This is the Modern Day Explorer #11
The Modern Day Explorer #10 (here)
W for Lots of Wise Words
The human side of photography is a very personal thing. One just snaps without really thinking. But it is more than that. Let's get some inputs from Yusuf especially when out in the 'field'
SOME THOUGHTS ON STREET PHOTOGRAPHY
Yusuf Hashim says:
One aspect of street photography I dislike and would discourage is the tendency for newbies to zero in on beggars, the destitute and unfortunate people in the street, and call it street photography. Street photography is about life in the streets. Along with the beggars and the destitute and unfortunate homeless people on the street, there is happiness, emotions, surprises and unique photo-opportunities that we can shoot. IMHO, the essential difference between artists and photographers is this
An artist starts with a blank canvas. With his training in frame dynamics and colour theory from art school, he then proceeds to populate his blank canvas with his visual story. His subject placements is near perfect. And his knowledge of the power of light, shades, shadows and colour results in a beautiful painting (if he is good). An artist therefore ADDS elements into his blank canvas to make a picture.
Attribution: Yusuf Hashim
Image1: Yusuf Hashim says
I was having char or tea at a pavement tea stall in Kathmandu when this thirsty boy
came up and asked the chai seller for some water. The Chai seller told him to open
his mouth ....and simply poured water down his throat
Photographers have a different challenge. As a photographer in the streets, we are surrounded by zillions of dynamic events going on around us all the time. We only need to train ourselves to see, to identify and to isolate a single event, choose a particular perspective that is uniquely ours, and press the shutter to freeze that unrepeatable single moment for eternity. We have to MYA (Move Your Ass) to try and EXCLUDE elements that we don't want in our frame.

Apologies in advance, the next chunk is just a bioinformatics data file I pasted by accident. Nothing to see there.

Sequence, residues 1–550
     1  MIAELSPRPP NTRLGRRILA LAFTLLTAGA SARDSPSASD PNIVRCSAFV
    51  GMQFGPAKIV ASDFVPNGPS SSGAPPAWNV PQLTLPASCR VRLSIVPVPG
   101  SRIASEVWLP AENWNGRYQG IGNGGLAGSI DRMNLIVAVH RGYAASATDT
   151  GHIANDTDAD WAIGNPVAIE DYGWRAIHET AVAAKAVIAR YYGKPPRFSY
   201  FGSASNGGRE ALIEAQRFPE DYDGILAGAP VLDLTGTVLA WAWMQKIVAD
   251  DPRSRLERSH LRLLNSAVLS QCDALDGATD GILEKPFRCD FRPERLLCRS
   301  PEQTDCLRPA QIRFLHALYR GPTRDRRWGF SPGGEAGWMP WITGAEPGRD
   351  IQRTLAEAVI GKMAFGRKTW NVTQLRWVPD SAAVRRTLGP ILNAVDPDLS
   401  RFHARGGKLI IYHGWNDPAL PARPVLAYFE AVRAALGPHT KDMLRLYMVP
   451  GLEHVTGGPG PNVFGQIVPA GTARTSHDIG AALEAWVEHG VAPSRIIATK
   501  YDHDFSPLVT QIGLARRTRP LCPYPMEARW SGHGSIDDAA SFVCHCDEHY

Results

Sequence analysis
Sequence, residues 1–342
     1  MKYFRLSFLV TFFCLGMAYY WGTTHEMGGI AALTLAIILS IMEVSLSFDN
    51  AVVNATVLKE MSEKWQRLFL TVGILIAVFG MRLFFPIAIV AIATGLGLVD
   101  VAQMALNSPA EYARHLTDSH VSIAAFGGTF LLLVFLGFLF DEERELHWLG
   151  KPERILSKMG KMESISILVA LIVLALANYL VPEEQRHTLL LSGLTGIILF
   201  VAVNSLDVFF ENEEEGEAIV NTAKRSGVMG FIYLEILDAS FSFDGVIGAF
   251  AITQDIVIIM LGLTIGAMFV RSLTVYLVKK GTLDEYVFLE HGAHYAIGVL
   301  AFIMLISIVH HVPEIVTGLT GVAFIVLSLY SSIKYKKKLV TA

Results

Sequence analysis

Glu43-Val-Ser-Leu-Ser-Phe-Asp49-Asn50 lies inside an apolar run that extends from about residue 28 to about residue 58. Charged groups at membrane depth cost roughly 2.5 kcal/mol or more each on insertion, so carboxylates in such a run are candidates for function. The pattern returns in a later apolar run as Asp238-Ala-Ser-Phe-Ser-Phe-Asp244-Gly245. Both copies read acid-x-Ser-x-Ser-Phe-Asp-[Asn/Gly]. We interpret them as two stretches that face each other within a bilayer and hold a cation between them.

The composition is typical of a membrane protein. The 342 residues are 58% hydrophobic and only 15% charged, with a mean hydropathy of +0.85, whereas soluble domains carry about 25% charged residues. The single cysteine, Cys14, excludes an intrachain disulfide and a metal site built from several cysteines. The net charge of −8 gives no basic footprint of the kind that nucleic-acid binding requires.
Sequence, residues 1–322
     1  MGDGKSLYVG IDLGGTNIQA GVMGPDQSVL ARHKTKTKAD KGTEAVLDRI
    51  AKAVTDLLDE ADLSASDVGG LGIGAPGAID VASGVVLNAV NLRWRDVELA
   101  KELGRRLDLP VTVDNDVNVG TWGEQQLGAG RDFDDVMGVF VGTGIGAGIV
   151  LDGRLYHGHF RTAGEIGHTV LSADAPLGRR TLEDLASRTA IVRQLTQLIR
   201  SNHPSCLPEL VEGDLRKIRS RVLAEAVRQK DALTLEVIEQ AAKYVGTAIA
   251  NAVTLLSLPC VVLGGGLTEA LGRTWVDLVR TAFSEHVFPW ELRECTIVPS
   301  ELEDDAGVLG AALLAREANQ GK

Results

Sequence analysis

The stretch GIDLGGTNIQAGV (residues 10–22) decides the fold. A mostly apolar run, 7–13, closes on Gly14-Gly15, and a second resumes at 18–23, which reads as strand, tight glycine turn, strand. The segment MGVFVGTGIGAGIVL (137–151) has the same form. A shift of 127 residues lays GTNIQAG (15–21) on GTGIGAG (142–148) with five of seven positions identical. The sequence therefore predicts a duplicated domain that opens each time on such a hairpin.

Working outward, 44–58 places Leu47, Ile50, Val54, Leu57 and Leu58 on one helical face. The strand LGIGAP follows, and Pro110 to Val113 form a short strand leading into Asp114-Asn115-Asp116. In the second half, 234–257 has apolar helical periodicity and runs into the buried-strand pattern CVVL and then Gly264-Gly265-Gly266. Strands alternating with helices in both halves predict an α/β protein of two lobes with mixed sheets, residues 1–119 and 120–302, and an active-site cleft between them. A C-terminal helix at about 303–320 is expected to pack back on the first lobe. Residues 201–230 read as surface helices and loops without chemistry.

For example if you see that proverbial lamp post behind your subject, you have to MYA either to the left or to the right to prevent creating a photo which shows the lamp post growing out of your subject's head..
Attribution: Yusuf Hashim
Image2: Yusuf Hashim says:
One fine morning in Thamel, Kathmandu. It was early morning. Mother and daughters were brushing their teeth on the pavement, on a low wall, just outside their house. Behind them is a communal well, in a large square pit, with steps going down at least 30 meters. Many other women and children were washing clothes or washing themselves down in the pit.
Early morning is a beautiful time for shooting photos. The almost horizontal light creates beautiful shadows and light, bringing out textures, shapes and patterns. I cannot believe that many so called photographers choose to sleep during this golden hour.
Always be ready
That special moment comes by
in just split seconds
For Blogging A to Z April Challenge - W